Even if you were the one who took the initial step by filing a divorce petition in a Virginia court, it doesn’t mean it was easy to leave your kids. Adapting to a new lifestyle as a non-custodial parent typically takes time, patience and a lot of effort. Especially if your relationship with your ex is less than amicable, you might have worried how living with their other parent might negatively influence your children’s attitude toward you.
The good news is that there are many ways to stay closely connected to your kids after divorce. After all, no longer wanting to be married to a particular person in no way means you are abdicating your parental rights or responsibilities. Advanced technology provides basic tools that can help play an active role in your children’s lives as a non-custodial parent. Building a strong support network from the start is another good idea.
Stay in touch on a daily basis
There is definitely a plethora of literature available that emphasizes how modern technology has created a breakdown in purposeful communication; however, that’s not always the case. In fact, if you do not have primary custody of your kids, you can make good use of many electronic devices and online services to keep in close touch with your children.
Especially if you live a great distance away from your kids, virtual visits may come in handy. Numerous apps, such as FaceTime or Skype, allow you to chat with your children and see them at the same time. Is it the same as being there in person? Of course not, but it beats having to wait weeks at a time to see your children’s faces.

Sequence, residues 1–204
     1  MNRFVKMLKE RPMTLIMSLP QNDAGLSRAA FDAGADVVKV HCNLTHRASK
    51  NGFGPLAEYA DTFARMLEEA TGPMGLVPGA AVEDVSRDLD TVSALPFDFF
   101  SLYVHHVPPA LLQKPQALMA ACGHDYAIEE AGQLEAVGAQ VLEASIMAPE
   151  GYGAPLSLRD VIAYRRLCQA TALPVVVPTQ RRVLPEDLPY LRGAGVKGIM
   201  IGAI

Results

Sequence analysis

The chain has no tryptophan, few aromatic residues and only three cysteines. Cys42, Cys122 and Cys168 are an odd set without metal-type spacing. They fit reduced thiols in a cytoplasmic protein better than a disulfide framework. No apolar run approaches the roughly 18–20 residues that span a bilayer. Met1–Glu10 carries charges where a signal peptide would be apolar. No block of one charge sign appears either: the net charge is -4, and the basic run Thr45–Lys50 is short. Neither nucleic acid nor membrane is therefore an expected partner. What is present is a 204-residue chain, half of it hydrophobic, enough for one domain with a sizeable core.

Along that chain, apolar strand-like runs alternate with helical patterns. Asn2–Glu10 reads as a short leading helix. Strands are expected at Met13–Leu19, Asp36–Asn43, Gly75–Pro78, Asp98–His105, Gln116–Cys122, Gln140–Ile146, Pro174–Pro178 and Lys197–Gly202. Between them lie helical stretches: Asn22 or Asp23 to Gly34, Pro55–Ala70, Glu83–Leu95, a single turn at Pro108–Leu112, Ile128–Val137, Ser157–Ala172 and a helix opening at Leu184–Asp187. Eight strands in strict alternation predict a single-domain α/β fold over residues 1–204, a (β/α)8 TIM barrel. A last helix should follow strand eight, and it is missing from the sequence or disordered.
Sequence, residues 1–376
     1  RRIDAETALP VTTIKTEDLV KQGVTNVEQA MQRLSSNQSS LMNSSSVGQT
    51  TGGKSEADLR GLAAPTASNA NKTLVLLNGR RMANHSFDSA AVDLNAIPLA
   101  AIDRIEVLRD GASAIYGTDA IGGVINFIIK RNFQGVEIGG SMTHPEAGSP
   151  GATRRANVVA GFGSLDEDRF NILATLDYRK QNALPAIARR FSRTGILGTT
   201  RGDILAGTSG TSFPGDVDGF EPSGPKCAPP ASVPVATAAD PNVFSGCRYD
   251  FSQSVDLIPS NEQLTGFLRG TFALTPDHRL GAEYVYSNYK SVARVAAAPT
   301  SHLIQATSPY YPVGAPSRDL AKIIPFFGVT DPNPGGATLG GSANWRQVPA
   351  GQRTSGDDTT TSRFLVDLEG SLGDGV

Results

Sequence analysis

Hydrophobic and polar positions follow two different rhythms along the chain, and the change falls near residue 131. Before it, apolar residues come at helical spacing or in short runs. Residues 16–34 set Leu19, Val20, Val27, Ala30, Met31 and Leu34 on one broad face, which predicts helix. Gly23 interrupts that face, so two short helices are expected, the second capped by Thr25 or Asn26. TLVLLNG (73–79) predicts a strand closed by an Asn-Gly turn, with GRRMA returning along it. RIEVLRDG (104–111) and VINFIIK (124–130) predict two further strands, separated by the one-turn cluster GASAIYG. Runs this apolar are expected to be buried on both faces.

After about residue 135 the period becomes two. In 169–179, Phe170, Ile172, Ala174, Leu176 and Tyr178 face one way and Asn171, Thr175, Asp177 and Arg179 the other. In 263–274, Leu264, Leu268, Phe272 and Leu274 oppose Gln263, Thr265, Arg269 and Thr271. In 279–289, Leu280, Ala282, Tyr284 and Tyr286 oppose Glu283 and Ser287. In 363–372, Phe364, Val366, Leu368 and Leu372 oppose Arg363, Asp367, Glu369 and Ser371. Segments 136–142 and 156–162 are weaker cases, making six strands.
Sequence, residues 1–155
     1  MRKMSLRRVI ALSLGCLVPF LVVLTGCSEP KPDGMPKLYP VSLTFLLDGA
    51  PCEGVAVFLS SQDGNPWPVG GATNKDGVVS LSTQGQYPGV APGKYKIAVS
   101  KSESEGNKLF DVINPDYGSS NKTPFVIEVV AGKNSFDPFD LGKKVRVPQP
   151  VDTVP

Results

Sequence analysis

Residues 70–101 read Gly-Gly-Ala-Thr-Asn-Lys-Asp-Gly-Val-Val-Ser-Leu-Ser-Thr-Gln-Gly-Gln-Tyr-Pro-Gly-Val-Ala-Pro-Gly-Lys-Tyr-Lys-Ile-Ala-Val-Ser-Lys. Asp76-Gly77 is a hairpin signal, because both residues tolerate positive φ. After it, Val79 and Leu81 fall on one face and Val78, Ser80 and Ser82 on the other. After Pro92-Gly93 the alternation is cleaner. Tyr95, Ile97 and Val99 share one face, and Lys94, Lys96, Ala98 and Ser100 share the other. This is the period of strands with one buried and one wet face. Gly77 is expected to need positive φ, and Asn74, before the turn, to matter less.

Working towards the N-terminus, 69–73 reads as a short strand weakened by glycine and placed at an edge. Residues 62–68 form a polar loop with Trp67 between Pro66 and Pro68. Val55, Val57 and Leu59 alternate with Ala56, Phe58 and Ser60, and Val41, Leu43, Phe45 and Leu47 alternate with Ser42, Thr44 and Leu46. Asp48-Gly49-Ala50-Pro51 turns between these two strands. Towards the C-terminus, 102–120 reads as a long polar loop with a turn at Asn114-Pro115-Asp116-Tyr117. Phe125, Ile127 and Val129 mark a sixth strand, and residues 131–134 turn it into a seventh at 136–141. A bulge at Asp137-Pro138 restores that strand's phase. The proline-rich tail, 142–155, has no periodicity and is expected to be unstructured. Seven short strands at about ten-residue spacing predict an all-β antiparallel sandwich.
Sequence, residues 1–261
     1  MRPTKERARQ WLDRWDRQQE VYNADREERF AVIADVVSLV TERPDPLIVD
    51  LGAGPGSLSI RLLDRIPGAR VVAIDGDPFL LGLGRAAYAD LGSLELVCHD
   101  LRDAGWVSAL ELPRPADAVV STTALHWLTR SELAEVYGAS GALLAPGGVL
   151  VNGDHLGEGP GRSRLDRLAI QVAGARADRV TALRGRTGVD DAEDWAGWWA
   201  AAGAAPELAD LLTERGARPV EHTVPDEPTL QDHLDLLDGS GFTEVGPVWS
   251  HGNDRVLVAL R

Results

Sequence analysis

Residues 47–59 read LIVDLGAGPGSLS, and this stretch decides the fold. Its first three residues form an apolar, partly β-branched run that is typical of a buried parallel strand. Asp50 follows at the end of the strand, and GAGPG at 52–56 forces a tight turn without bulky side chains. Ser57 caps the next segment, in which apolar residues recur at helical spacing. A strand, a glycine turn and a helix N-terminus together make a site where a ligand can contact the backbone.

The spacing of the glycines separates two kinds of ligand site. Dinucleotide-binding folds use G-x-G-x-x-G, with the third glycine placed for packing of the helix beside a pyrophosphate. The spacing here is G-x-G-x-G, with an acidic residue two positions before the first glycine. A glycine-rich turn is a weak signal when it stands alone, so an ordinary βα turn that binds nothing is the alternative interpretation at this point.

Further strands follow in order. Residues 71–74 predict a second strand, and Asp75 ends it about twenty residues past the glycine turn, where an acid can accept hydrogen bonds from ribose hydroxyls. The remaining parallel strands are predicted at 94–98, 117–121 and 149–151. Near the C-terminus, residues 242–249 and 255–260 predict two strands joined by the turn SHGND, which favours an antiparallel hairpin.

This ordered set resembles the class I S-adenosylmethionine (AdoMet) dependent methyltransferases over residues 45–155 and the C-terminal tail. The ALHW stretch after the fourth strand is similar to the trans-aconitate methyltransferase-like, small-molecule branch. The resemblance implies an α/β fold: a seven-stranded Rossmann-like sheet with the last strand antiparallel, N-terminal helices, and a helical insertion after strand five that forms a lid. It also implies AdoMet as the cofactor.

Kids love to text and take pictures
In addition to a virtual chat, you can make use of texting, Snapchat and other tools to check in with your kids and to keep updated on what’s going on in their daily lives. Think about it. Even when you lived under the same roof, it didn’t guarantee that you had ample hours every day for long conversations.
Sending a text or taking a selfie is a quick and easy way to let each other know you’re thinking of one another when you can’t be together in person. It’s also good for your children to know that they have access to you 24/7, particularly if you’re in the first weeks or months after finalizing your divorce. Frequent correspondence with you may help them cope better with the changes in their lives.
Protecting your parental rights
Unless there is a court order in place that somehow restricts your ability to stay closely connected with your children, they and you have a right to keep in touch. Being a non-custodial parent doesn’t mean you have lost your rights. If your ex is not allowing your kids to keep in touch with you or is disregarding the terms of your co-parent agreement, you can ask the court to intervene to help resolve the problem.